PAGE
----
Chris Routly of Daddy Doctrines once again forces marketers to address outdated male stereotypes engendered by misguided ad campaigns and to reconsider dads’ real and vital roles in modern society.
Editor’s Note: Earlier this week, in an attempt at humor, Clorox ran an ad called “6 Mistakes New Dads Make.” To be fair, there are a lot more mistakes made by any new parent–parenting is a lifelong learning process. But the ad was more offensive than funny, and Chris Routly of Daddy Doctrines took exception. In 2012, Routly stumbled into becoming an “accidental activist” when he spearheaded the successful petitioning of a major diaper brand to revamp an offensive ad campaign, and has continued to engage with brands wanting to better reflect and connect with modern dads ever since. Jokes about a “Routly Scale” of outrage have even been adopted by certain dad blogger groups in which he participates. Below is the original post from Daddy Doctrines, and here is the report by CNN’s Josh Levs.
I get sent a lot of links to various and sundry incidents where a brand has stepped over the line when it comes to their depiction of fatherhood. Believe it or not, I post about very few of them.
But today a new article on the official Clorox webpage entitled “6 Mistakes New Dads Make” [*It has now been pulled, but here’s a Google cache version*] was brought to my attention, and I just can’t stay quiet about it.
It starts off with a bang:
Saying ‘No-no’ is not just for baby. Like dogs or other house pets, new Dads are filled with good intentions but lacking the judgment and fine motor skills to execute well. Here are a few dangerous no-nos new Dads might make, and some training tips.
No, you did not read that wrong.
Clorox — or some poor social media intern who, at this point used to work for Clorox — actually wrote those words. Dads are like dogs. Well-meaning, but dumb and unable to complete basic tasks.
It continues, listing these “mistakes new dads make,” which are, briefly, as follows:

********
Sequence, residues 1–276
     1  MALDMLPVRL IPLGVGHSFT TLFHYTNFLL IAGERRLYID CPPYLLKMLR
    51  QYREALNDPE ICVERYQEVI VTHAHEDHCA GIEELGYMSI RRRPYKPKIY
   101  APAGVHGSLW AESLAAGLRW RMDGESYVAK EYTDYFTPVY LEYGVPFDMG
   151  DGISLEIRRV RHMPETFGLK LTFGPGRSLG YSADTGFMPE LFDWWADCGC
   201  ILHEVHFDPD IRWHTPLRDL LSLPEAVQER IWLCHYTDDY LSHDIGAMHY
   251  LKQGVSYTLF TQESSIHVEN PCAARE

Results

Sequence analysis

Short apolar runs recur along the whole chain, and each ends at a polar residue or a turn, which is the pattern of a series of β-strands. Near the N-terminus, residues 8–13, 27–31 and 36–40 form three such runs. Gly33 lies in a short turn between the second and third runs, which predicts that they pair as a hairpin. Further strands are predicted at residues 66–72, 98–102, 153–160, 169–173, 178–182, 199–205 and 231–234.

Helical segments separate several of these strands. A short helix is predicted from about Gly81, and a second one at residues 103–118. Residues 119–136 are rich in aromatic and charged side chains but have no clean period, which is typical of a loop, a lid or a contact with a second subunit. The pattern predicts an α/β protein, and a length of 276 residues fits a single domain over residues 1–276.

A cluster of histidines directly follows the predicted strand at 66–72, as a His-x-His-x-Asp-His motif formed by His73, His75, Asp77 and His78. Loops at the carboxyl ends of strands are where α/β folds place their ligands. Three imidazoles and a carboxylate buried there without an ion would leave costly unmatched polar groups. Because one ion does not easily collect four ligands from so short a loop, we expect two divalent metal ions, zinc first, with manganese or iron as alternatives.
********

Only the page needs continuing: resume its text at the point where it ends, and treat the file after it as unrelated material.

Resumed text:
- Forgetting to dress the baby in weather appropriate clothing
- Putting what clothing he remembers on backwards
- Using the TV as a babysitter while he enjoys a beer
- Forgetting to clean the baby
- Letting baby eat off floor
- Taking the baby to casinos
The post, unbelievably, expounds on these points, but you get the idea. Each of them is so stupid, there is no point in even addressing them specifically, but I will say many of us are already having a laugh about the casino thing. “Sorry, Routly, I would complain to Clorox about that thing, but I’m too busy betting on red. The baby LOVES it when I bet on red!”
Okay so, look, this isn’t some grand Clorox ad campaign. This isn’t the result of a whole bunch of marketing people putting their heads together about a great way to include dads, and failing spectacularly. It’s a dumb blog post (that is failing spectacularly at being funny, I assume), probably written by the same person who thinks that it’s funny to say things like “One thing teenage boys (and let’s be honest, teenage men) can’t seem to master is the tushy wipe.”.
But no matter who wrote it, and why, Clorox has its name on it, and Clorox needs to know that this sort of thing is Not Okay. It’s Not Okay on a new level that might actually make it qualify as a new strain of What-Where-You-Thinking disease.
I imagine that the post will be gone before long [*Update: It has now been pulled*]. But before it goes, please join me in letting Clorox know that we, the families who live here in the 21st century, expect better than this:
If anyone from Clorox is reading this, I want you to know why I feel like this is worth calling out, beyond just its obvious awfulness. And that reason is simple:
I know you know better.
I know you know better because I’ve seen the carefully crafted ads that you’ve produced that try to recognize dads as user of your products, who might be goofy, but at least aren’t idiots. I know you know better because I’ve seen you engage with some of the brightest voices in the dad-sphere on campaigns that seek to include dads into the picture in a positive way. I know you know better because you are a company made up of people who are moms and dads that know better what modern families look like.
So this isn’t about asking you to be something you’re not, or get on board with a way of thinking about dads that is foreign to you. It’s about asking to to live up to what and who you say you are.
Some time after the post was taken down, the official Clorox twitter account contacted me to say the following:
What do you think? Is this just an attempt to be funny that “may have gone too far”?
More importantly, with the offending post gone, what would you like to see Clorox do better in the future when it comes to dads (and men in general) in their marketing?
—for more on other Dumb Dumb Dad Ads, check out:
—for ads that got dads right, check out: